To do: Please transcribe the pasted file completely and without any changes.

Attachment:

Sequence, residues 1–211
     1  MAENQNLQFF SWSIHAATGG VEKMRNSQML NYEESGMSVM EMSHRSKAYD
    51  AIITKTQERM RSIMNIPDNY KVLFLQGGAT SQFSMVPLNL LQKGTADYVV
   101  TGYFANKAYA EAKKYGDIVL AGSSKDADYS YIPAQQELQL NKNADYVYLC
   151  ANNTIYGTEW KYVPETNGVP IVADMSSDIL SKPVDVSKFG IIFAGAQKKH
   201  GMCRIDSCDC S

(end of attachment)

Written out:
Sequence, residues 1–211
     1  MAENQNLQFF SWSIHAATGG VEKMRNSQML NYEESGMSVM EMSHRSKAYD
    51  AIITKTQERM RSIMNIPDNY KVLFLQGGAT SQFSMVPLNL LQKGTADYVV
   101  TGYFANKAYA EAKKYGDIVL AGSSKDADYS YIPAQQELQL NKNADYVYLC
   151  ANNTIYGTEW KYVPETNGVP IVADMSSDIL SKPVDVSKFG IIFAGAQKKH
   201  GMCRIDSCDC S